New study: Dementia has been on the decline in Europe and the US in recent years

The risk of dementia has been steadily declining over time 25 years in Europe and the USA, although in other parts of the world such as Asia and the N.. America the trend is up, according to a new scientific study.

Despite the lack of effective treatment, the dementia epidemic seems to be receding in several developed countries, according to the unexpectedly optimistic picture of the new research, which contradicts the widespread perception of an incessant tsunami of Alzheimer's and other forms of dementia.

Researchers at Harvard University, led by Professor Albert Hoffman, President of the Department of Epidemiology of the School of Public Health, published in the journal Neurology of the American Academy of Neurology, according to the New York Times, evaluated data from seven major surveys, relating to the whole 49.202 people over 65 years, at a depth of at least 15 years (the 4.253 the 8.6% developed dementia during this time).

The new study concluded that a person's risk of developing dementia is declining rapidly 13% per decade. So, is today 13% smaller than,what was 2010, while the risk of developing Alzheimer's is declining rapidly 16% per decade. The 1995 a 75 year old had about 25% chance of developing dementia for the rest of his life, while today the probability has been reduced to 18%.

If this positive trend continues, the study estimates that in a few years they will exist 15 millions less people with dementia in Europe and the US than today. Researchers have found that there are more people with dementia today than ever before, but this is due to the fact that the number of elderly people in the population is constantly increasing. On the other hand though, the chance of the average elderly person getting dementia, seems to be constantly decreasing.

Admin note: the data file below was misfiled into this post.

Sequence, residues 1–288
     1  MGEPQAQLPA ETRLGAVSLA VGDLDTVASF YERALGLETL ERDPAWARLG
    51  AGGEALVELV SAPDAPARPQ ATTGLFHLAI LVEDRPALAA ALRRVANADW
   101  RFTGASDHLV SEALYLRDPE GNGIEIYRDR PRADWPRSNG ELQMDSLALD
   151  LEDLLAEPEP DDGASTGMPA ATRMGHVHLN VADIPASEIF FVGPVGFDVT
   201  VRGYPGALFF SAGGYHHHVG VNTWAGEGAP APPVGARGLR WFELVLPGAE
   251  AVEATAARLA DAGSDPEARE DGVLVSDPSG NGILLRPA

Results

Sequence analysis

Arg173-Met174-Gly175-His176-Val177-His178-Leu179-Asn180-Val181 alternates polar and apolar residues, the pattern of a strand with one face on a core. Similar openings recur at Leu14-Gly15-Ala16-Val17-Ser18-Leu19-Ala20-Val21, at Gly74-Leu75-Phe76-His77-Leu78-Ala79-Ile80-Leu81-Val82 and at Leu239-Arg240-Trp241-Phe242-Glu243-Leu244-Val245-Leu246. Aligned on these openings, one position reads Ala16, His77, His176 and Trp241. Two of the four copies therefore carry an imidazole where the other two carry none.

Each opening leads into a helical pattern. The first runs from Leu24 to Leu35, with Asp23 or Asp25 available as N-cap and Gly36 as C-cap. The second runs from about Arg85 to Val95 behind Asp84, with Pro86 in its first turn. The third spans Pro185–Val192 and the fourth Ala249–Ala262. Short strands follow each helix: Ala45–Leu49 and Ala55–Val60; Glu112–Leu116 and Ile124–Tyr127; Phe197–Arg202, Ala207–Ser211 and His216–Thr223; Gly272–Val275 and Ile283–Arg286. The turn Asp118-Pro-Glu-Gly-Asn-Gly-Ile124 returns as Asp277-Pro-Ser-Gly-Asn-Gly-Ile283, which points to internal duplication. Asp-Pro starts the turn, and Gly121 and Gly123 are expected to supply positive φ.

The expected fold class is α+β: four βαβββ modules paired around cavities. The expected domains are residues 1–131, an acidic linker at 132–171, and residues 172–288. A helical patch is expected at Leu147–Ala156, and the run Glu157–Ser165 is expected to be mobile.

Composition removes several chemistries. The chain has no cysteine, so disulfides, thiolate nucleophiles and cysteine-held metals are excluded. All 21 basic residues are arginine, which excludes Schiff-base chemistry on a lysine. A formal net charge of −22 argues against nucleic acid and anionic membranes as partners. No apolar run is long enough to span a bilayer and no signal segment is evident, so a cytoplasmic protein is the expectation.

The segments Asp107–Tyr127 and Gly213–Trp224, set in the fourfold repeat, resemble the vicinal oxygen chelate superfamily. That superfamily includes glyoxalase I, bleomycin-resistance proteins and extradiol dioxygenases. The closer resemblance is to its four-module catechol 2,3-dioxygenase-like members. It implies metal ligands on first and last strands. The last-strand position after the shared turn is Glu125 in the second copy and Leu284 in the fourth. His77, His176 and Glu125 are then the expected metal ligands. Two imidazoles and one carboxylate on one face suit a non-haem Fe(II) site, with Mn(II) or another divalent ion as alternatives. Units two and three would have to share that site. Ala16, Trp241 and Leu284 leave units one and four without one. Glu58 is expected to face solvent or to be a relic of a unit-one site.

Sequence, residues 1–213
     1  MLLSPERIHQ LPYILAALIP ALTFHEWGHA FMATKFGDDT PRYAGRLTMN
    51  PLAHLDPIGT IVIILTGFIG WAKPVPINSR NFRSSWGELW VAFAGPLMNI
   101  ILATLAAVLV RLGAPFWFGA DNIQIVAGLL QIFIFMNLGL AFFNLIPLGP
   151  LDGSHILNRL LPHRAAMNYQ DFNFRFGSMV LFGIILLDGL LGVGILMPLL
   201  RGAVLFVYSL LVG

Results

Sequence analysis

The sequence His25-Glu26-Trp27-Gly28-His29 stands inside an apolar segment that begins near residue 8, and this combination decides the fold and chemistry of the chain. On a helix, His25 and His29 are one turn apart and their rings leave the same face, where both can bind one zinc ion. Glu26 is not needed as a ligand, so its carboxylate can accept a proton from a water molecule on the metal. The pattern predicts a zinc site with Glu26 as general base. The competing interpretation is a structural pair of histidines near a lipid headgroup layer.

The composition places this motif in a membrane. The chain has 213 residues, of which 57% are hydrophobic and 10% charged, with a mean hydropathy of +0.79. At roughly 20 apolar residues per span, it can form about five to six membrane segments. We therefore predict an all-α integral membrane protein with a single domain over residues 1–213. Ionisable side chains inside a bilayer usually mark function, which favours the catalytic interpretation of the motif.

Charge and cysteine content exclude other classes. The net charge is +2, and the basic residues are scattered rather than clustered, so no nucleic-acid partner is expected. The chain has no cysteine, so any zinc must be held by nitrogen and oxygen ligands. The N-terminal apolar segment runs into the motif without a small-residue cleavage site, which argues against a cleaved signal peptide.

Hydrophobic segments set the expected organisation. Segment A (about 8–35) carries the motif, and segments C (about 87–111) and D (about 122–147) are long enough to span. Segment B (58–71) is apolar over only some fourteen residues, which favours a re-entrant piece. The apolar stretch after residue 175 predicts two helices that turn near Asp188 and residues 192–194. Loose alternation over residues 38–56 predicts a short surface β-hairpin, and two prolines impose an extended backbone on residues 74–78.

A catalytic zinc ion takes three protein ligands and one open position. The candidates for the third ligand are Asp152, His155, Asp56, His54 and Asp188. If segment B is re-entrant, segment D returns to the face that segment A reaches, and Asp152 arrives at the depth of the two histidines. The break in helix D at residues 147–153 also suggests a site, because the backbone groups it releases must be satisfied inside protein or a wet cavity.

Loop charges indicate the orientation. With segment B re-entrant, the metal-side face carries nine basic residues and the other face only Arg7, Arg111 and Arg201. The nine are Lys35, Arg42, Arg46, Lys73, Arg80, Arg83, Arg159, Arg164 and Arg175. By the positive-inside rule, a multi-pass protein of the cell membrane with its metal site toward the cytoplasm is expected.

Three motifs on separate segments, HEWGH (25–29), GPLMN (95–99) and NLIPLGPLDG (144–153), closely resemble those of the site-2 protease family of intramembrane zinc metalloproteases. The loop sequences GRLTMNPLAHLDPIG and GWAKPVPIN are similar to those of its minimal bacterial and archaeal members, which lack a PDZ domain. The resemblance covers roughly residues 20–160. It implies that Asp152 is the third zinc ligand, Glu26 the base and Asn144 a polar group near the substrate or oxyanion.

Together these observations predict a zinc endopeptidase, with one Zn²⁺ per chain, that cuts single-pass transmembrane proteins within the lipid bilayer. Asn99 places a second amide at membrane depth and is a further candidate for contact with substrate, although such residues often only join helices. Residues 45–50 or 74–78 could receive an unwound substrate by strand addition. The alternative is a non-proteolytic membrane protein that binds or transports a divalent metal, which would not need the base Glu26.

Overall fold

Dr. Hoffman also stated that, contrary to the view that women are more likely to develop dementia than,what men, The new study found that both sexes have the same chance. The confusion has been caused simply because there are more older women than,what men, as they live longer. So, while there is indeed a higher percentage of women with dementia than,what men, the chance of dementia does not differ between the sexes.

There is no clear explanation as to why dementia rates are on the rise in countries such as Japan and China.. On the other, the decline in Europe and the US is attributed, including, in better control of cardiovascular risk factors, especially hypertension and high cholesterol. Also the best educational level probably plays a positive role, which protects the brain more.



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